Black Music Helped Us Survive 2016

Black Culture and Black Music were the beat to dealing with what is being called, The End of the World

This article originally appeared on

Let’s get this out of the way: the year was a grease-fire from the get-go.

With society in all corners of the world devolving into chaos and unrest, it was hard to find reprieve from the myriad injustices, inequalities and insanity that gripped Planet Earth, 2016 A.D. Generation-defining cultural figures died, the neo-liberal world order collapsed, xenophobia and nationalism spiked to levels not seen since World War II, facts and fake news jostled for credibility, and — Jesus H. Christ — Kleptocracy grabbed the United States by the pussy.

As a calm harbor in the tempest, or, in many cases, as a live report from the eye of the storm, the album experienced a renaissance in 2016 unlike any we’d seen in the post-Napster world.

Music’s biggest stars unveiled tent-pole releases, and whiz-kid newcomers ascended quickly to great critical acclaim and commercial success.

Everywhere you turned, someone in music had something to say — and, more importantly, something worth listening to. Here, we highlight the 25 best releases from a year that could go down as one of the best ever for music, even as it went down as one of the worst ever for modern humanity.

Here’s a few who topped the list:


  • Untitled Unmastered // Kendrick Lamar

    Kendrick Lamar’s 2015 all-time magnum opus “To Pimp A Butterfly” set a new standard for rap, redefined what it could say, what it could mean, how it could sound, and how it could feel. It’s an impossible shadow to escape, even as it elevated K-Dot to Voice Of A Generation-level status in a way few albums in any genre ever could. Expectations of what will surely follow in his discography have been raised to an unattainable pitch, so it makes sense that Kendrick would dial things down by casting an unvarnished companion piece for his next offering rather than a true followup. Scoff if you want and call it a collection of undercooked B-sides, but even the 28 year-old cipher’s jazzy, Thundercat-infused near-misses hit the speakers like the gospel. Where Kendrick Lamar goes from here is anyone’s guess, but his journey on the road to enlightenment has made true believers out of everyone along for the ride — even this pit-stop is more interesting and engaging than 99% of his peers.


  • Black America Again // Common

    It’s been awhile since we last saw Common reach the peak of his powers. After a scattershot past 15 years with brief peaks and long valleys, a few detours into acting, Common reemerged in 2016 with a bold, politically-charged vengeance on Black America Again. A sprawling, superb rumination on the state of race relations in a tense, nerved society, Common (mostly) drops his lover-man persona to deliver some of the most direct hits to the streets in years. A rapper’s rapper draped in 70s soul, Common’s ethos stays clear-eyed and full-heart while taking on the pay gap, police brutality, structural inequality and interpersonal relationships above a sturdy foundation of solid sampling and the occasional John Legend guest spot. Not content to rest on his laurels, with Black America Again, Common returned to make powerful music when we least expected him to, but right on time and when his righteous voice was most needed.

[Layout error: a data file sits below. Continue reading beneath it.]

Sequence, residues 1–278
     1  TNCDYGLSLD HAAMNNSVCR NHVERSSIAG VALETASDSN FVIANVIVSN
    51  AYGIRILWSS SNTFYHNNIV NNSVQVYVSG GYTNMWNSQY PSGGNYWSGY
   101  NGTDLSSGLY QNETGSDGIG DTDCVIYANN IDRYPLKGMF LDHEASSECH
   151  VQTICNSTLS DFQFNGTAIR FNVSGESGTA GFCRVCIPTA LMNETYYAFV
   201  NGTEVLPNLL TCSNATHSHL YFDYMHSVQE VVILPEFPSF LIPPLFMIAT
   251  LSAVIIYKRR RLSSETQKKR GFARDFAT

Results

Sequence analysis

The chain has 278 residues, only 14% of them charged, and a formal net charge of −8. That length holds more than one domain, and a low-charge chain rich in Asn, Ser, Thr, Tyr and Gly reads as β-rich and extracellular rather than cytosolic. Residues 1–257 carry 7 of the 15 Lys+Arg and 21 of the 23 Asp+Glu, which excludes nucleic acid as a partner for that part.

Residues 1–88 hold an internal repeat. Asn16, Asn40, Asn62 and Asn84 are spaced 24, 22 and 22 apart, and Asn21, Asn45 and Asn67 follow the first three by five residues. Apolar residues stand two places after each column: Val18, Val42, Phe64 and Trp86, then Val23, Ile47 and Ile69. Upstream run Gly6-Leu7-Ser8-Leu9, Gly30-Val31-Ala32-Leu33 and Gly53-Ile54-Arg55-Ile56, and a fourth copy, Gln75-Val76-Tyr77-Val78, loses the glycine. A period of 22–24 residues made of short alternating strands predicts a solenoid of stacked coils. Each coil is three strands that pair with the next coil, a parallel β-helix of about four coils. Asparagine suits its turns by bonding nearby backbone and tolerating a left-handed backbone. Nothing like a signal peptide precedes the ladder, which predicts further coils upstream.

• Emily’s D+Evolution // Esperanza Spalding

    The label “prodigy” carries with it weighty and unyielding expectations. Esperanza Spalding, Berklee College of Music alum and bass virtuoso, has made a career of shape-shifting and side-stepping to make impossibly excellent music that combines magical runs of instrumentation to clever turns of phrase to time-signature-inverting song structures. On Emily’s D+Evolution, Spalding essentially invents Prog-&-B, an album that sounds like the lovechild of Rush’s 2112 and Janelle Monae’s The Archandroid. The album’s peekaboo hooks and lyrical sleight-of-hand provide more than enough thrills to reward repeated listening. The barrier to entry into this plane of music-making is high, and the degree of difficulty is even higher, but Esperanza Spalding sticks the landing and scores a handful of 10.0’s to the discerning listener.

  • Awaken, My Love // Childish Gambino

Where were you the first time you heard the beat drop on “Me And Your Mama,” the sky-searing opening Salvo off Childish Gambino’s hard reboot that added several additional hyphens to Donald Glover’s already offshore barge full of them? Prince may have died earlier this year, but Gambino’s rap-free freakout proves the torch has been passed to capable hands. When Glover reemerged this year after a couple of years off in the wilderness, he gifted the world with his long-gestating half-hour weekly FX series Atlanta, an impossible-to-classify masterpiece of character-building, mood, satire, social commentary, wit and off-hand existentialism. It’s a hit, a critic’s darling, and is already taking home award-season hardware. Then, mere weeks later, he bequeathed “Awaken, My Love,” an extremely-easy-to-classify masterpiece of P-Funk, psychedelia, soul, character-building, mood, satire, social commentary, wit and casual genius. Glover himself views the two as companion projects, and, taken as such, give the 33 year-old polymath a legitimate case for winning the award for “The Guy Who Had The Best 2016,” in a year when so many people had the exact opposite.

Super-star sisters, Beyonce and Solange topped the list with one of the sisters grabbing the number 1 spot. Which one do you think it is?

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1 Comment
  1. […] who got his start as a comedy writer at 30 Rock at the age of 23 is also known as “Childish Gambino” musician/rap artist, whose recent album, “Awaken My Love” was received with high […]

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